• Perseverant
  • Unwilling to back down
  • Unwilling to let go of something important
  • Firmly stating that something must be done
  • Setting a standard that must be met, regardless of excuses

In his list of complaints about IOP were statements about how insistent I was about things.

I responded, “If you were only half as insistent about your recovery, and about your healing, as I was about the guidelines that would get you there, you would have already graduated!”

I continued, “This is not just another program that gets paid the same whether you leave helped or not…I’m invested in your future, in your family, in you becoming a Champion! I see the BEST in you…and I will remain insistent until you become that! And instead of complaining about what it takes, I would suggest you consider gratitude!”

I gave them the framework in group as to why Champions live in the “TENT” of being “insistent.”

They know that anything less leaves them at risk of compromising becoming everything they were created to be. That matters to Champions. And it keeps them on the road less traveled, always stepping into higher levels of abundant living.

“You’ve got to insist on your success, resist every obstacle and persist in times of difficulty and you will get there.”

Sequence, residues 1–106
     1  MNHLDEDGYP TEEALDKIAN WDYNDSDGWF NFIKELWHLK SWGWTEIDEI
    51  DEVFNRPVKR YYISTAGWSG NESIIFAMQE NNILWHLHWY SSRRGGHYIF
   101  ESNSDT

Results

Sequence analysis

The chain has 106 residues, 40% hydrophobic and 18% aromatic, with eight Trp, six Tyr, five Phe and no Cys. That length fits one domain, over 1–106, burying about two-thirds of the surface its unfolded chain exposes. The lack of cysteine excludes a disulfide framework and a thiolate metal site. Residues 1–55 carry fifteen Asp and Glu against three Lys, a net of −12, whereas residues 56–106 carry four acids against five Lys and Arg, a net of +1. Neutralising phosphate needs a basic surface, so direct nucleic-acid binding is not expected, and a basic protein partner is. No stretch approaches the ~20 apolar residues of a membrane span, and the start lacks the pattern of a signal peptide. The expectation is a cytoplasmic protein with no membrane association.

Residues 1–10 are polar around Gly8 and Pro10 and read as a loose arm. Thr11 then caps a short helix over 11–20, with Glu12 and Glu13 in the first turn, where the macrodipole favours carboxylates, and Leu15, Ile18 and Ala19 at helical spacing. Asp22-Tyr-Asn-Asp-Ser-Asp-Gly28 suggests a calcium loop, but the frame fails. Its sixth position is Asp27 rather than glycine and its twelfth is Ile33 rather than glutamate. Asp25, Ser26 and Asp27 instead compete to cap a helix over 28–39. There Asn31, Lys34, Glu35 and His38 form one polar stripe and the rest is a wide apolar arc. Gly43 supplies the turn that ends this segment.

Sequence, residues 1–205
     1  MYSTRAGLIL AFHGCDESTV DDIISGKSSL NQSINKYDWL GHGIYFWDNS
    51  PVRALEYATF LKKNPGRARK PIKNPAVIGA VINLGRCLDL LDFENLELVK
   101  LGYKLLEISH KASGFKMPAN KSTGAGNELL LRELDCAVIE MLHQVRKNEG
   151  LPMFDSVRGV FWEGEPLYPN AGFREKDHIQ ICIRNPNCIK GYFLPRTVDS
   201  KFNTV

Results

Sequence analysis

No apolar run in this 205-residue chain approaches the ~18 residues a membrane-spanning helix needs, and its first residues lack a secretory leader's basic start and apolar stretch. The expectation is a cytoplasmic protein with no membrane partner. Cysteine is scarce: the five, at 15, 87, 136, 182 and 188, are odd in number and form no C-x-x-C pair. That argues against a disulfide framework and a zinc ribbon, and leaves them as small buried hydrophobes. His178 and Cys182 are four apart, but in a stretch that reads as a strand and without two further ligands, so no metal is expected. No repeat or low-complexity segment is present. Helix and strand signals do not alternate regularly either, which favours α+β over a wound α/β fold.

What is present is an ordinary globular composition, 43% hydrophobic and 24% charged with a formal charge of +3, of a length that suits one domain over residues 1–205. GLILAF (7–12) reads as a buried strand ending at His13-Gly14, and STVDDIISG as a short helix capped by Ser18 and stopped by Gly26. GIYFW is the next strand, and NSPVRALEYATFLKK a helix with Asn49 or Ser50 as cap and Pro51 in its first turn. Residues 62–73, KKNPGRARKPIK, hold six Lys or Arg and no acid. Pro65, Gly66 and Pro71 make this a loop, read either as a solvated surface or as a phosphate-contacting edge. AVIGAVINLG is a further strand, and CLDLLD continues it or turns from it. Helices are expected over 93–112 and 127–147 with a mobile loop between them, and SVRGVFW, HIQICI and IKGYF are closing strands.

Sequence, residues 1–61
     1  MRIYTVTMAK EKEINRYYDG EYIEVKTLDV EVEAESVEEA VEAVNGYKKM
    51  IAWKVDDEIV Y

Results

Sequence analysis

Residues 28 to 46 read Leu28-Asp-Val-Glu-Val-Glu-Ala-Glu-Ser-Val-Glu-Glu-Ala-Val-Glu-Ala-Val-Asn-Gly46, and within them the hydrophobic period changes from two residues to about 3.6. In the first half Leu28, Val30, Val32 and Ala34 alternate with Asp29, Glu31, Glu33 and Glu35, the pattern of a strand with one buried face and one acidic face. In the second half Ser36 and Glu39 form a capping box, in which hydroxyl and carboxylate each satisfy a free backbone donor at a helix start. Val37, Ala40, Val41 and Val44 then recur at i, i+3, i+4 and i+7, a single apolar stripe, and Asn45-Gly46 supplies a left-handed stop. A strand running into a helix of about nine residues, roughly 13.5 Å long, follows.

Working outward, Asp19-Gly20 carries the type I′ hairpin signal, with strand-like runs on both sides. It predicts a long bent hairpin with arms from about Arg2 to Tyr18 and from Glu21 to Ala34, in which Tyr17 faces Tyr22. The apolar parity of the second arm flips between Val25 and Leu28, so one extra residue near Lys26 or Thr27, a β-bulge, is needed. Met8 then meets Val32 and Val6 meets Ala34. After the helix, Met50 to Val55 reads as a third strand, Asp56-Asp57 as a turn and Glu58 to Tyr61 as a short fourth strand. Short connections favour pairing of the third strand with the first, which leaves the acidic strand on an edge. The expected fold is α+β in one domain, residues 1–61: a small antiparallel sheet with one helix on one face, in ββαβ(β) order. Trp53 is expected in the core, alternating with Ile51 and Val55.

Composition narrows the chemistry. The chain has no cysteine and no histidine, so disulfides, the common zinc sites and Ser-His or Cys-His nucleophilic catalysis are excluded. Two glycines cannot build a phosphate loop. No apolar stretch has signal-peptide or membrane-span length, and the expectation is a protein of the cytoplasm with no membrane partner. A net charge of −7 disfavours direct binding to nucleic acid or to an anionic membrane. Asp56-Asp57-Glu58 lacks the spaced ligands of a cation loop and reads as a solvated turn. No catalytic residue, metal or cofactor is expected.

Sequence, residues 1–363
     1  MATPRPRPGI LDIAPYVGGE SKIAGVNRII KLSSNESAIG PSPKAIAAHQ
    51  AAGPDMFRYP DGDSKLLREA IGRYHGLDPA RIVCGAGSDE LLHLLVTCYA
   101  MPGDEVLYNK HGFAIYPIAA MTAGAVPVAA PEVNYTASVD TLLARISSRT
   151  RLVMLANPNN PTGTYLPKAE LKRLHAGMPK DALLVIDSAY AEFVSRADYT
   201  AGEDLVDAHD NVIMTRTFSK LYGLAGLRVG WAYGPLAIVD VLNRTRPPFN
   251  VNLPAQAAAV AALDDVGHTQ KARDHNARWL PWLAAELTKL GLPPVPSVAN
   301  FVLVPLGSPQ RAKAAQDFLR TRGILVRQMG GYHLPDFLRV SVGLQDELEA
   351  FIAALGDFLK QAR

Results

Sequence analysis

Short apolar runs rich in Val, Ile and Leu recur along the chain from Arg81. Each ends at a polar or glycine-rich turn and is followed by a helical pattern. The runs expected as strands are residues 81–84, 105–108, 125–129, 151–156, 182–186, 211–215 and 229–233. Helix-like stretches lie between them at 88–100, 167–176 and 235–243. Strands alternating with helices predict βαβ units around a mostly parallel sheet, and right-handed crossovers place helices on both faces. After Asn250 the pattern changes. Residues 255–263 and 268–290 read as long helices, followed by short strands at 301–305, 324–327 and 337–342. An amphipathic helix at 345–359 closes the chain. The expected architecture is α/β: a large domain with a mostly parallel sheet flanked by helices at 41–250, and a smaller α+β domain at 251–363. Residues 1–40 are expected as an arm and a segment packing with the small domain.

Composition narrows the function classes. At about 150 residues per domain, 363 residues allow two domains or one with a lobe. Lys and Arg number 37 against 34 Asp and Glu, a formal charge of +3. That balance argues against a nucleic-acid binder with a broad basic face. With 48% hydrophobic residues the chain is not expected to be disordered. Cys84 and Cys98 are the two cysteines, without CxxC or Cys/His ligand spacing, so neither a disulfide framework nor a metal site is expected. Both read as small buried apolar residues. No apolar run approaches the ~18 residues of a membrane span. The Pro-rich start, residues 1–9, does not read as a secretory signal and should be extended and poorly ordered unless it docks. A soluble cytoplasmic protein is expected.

― Israelmore Ayivor, Shaping the Dream

The real key is that you must be insistent on the RIGHT things. You see, my client was insistent on having things HIS way. However, he was not willing to look at the results of being insistent on his way.

Champions consult science, ancient wisdom, and mentors on what the RIGHT thing to be insistent on is. For them. Because it’s different for everyone.

I learned as a therapist many years ago to consult with science, other therapists experiencing GREAT results in their businesses, and with mentors to make sure my practices fit with not only the results I hoped for, but to be an agent of change so that my clients would become the very best version of themselves in the process.

“One of the best paradoxes of leadership is a leader’s need to be both stubborn and open-minded. A leader must insist on sticking to the vision and stay on course to the destination. But he must be open-minded during the process.” Simon Sinek

I asked my objecting client, “Where has being insistent with ‘what you want’…with what you default to gotten you in your life?”